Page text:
The highlight of the year was participating in the Catholic diocesan tournament. Schools from all over the state met in Charleston for the big showdown. I remember being so much taller than the opponents and yet not completely sure how to handle that. While on defense, there would be a short girl dribbling in my direction but focusing on the ball. So when she looked up to shoot, you could see her eyes widen in panic as my arms were fully extended and she had no view of the basket. Yet, despite the edge in height, I never took full advantage. I grabbed rebounds and had trouble keeping the ball above my head; I always wanted to bring it down. It took quite a while to learn that part and, I guess, build up the muscle memory in the arms. But that tournament was a lot of fun. Our team won first place!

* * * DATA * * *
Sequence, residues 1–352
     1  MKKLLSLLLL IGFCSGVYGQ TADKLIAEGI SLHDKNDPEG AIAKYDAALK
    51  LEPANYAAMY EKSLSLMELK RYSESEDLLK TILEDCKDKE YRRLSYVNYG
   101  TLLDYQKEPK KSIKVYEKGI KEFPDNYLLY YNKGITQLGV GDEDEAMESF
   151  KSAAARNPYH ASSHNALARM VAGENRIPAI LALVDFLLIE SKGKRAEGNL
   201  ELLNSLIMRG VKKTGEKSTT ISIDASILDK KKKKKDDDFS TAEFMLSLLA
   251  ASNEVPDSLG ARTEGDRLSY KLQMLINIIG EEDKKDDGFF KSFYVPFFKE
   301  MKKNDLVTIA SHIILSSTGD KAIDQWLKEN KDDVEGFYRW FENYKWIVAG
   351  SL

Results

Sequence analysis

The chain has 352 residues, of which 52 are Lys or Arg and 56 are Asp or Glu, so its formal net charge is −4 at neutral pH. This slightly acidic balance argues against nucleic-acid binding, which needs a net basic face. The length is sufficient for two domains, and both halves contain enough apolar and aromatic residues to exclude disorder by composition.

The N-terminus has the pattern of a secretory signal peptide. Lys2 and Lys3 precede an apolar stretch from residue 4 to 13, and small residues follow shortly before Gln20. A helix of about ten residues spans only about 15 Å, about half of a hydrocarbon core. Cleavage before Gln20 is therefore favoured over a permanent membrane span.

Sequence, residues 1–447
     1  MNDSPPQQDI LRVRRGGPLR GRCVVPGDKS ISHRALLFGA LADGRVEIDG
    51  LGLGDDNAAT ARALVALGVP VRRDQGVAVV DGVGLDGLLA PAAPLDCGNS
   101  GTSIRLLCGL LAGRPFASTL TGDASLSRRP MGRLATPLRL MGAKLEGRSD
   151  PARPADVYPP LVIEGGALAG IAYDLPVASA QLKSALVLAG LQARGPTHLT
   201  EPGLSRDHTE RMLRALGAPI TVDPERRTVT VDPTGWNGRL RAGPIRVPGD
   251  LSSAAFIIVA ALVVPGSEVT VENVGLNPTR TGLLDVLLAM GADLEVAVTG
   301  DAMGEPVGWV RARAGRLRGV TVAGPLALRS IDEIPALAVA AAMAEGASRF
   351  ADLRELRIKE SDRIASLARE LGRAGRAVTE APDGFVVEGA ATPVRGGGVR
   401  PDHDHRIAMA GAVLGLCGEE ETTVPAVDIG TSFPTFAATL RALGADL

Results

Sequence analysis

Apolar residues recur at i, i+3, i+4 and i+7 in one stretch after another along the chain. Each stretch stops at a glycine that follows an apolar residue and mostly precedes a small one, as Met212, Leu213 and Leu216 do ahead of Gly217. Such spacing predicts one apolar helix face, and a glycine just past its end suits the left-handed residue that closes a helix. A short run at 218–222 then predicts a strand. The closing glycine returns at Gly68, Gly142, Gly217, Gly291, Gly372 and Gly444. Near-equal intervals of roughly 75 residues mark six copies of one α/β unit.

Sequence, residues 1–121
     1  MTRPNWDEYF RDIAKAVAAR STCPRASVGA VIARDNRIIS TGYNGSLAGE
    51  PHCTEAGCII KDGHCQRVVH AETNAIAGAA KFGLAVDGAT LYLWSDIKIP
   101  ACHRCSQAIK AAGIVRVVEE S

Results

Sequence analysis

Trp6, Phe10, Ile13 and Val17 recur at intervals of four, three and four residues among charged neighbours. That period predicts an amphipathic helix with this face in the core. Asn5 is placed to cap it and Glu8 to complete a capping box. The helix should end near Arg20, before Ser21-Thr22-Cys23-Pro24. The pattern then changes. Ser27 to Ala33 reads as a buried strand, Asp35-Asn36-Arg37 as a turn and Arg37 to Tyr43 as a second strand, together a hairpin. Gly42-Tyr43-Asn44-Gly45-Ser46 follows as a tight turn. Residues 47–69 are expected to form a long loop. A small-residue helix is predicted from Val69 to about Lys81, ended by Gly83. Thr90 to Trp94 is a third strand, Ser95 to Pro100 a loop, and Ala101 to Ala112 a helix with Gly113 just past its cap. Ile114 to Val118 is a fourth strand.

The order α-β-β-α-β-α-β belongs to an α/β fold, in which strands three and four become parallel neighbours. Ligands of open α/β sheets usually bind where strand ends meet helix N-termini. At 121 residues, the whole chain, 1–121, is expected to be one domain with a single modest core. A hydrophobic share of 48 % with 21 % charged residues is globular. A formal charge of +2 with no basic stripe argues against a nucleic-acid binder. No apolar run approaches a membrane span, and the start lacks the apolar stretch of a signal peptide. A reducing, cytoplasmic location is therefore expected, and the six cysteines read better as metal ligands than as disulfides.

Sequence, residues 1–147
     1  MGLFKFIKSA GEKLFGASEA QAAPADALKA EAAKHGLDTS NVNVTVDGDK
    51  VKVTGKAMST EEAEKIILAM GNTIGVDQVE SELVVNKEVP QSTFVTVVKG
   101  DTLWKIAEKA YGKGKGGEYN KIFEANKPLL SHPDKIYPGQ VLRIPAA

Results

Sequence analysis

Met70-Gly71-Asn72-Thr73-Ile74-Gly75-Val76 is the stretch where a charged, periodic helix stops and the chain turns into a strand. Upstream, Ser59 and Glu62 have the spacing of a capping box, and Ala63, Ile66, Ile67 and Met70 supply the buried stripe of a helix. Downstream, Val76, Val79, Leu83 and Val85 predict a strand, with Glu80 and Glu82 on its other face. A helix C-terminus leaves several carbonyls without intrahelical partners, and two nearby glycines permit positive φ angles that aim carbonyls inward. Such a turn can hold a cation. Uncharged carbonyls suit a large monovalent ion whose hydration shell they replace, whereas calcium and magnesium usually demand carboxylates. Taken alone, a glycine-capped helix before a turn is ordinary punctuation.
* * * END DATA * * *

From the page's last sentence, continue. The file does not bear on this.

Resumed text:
When it came time to try out for the public school team, I was scared. There was a very healthy dose of fear that I wouldn’t make the team. Nothing was assumed. I knew being tall didn’t guarantee me anything. I still needed to demonstrate having talent and skills, and I wasn’t convinced I had those. I was still harnessing and finessing the fundamentals. But at tryouts there were two other girls who were closer in height. So I didn’t feel like such a freak show. (By the end of seventh grade, I recorded my height as 6 feet, so at some point I grew an additional two inches from sixth grade.)

crossover_dribble

Crossover dribble